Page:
U.S. Navy’s submarine forces have officially started the Ice Exercise (ICEX) 2016 by constructing a U.S. Navy camp named Sargo on March 2.
ICEX 2016 is a five-week exercise designed to research, test and evaluate operational capabilities in the Arctic region.
A temporary camp is being established on a sheet of ice, known as an ice floe, in the Arctic Ocean to maintain submarine readiness and support arctic objectives and initiatives.
Vice Adm. Joseph E. Tofalo, commander, Submarine Forces, said: “ICEX allows us to assess our operational readiness in the Arctic, increase our experience in the region, develop partnerships and collaborative efforts, and advance our understanding of the Arctic environment.”
The Navy said the Arctic was experiencing a trend of diminishing sea ice extent and thickness creating the likelihood of increased maritime activity in the region, including trans-oceanic shipping and resource extraction. This is why this exercise is becoming increasingly important.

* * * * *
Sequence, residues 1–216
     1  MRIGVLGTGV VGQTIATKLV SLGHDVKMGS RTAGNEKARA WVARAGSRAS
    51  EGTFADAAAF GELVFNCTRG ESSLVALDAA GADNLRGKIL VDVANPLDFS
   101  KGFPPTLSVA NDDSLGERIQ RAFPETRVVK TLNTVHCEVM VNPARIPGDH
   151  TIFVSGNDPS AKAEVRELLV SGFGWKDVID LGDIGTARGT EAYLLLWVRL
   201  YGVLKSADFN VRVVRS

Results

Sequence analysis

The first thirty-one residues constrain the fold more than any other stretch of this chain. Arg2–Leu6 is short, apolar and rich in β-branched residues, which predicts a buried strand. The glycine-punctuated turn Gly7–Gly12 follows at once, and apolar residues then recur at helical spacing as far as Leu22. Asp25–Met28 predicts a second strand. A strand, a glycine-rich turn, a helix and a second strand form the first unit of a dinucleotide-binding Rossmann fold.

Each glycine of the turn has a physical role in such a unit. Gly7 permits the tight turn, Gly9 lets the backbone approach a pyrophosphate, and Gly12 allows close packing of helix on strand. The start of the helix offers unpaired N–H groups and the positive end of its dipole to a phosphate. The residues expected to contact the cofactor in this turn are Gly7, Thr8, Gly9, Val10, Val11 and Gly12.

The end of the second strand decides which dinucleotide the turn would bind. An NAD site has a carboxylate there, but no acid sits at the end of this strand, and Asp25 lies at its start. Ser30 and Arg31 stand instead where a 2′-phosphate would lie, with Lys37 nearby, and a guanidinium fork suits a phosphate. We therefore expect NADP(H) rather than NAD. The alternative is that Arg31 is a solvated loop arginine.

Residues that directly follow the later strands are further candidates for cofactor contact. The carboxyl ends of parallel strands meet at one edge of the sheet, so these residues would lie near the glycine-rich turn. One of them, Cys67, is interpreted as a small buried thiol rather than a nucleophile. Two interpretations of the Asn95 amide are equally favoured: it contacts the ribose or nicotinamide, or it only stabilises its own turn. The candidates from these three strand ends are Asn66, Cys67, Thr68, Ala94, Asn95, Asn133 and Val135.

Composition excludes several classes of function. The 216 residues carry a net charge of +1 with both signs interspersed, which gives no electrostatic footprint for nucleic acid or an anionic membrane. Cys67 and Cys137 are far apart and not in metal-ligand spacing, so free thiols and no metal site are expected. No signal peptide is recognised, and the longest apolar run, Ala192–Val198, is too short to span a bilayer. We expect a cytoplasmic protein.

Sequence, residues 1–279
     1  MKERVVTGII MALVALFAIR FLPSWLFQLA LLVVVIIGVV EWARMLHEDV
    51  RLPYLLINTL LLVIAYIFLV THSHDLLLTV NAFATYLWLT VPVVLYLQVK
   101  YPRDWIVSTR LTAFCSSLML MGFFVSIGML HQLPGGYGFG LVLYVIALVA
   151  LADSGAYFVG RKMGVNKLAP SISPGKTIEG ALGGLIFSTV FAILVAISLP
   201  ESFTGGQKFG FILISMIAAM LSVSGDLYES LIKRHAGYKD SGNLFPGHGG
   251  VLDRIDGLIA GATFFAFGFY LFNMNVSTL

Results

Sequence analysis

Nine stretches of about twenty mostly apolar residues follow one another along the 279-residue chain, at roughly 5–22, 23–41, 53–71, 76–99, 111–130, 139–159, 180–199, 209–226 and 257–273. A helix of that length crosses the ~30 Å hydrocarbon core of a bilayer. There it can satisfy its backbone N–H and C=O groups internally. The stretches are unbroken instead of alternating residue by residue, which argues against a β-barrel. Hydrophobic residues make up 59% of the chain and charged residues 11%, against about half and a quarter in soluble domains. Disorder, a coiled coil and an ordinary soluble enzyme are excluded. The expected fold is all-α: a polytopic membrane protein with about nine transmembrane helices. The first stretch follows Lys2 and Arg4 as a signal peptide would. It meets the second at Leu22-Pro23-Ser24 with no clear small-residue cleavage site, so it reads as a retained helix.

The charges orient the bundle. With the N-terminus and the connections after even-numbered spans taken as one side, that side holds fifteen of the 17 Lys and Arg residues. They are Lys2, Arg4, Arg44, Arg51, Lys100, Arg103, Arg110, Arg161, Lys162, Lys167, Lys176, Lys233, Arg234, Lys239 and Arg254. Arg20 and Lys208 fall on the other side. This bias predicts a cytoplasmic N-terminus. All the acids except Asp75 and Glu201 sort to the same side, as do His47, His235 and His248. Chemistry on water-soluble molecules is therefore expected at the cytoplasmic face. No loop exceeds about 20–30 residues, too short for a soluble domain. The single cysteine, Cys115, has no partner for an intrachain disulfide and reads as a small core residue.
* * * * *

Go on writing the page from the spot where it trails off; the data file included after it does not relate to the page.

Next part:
Ice Camp SARGO, will serve as a temporary command center for conducting operations in the Arctic region. It consists of shelters, a command center, and infrastructure to safely house and support more than 70 personnel at any one time.
The camp gets its namesake from USS Sargo (SSN 583), the first submarine to conduct a winter Bering Strait transit in 1960 and a subsequent North Pole surfacing. Since the success of Sargo’s voyage, arctic operations have been a crucial part of the missions conducted by nuclear submarines.
Submarines have conducted under-ice operations in the Arctic regions in support of inter-fleet transit, training, cooperative allied engagements and operations for more than 50 years. USS Nautilus (SSN 571) made the first transit in 1958. USS Skate (SSN 578) was the first U.S. submarine to surface through arctic ice at the North Pole in March, 1959.
Since those events, the U.S. Submarine Force has completed more than 26 Arctic exercises; the last being conducted in 2014.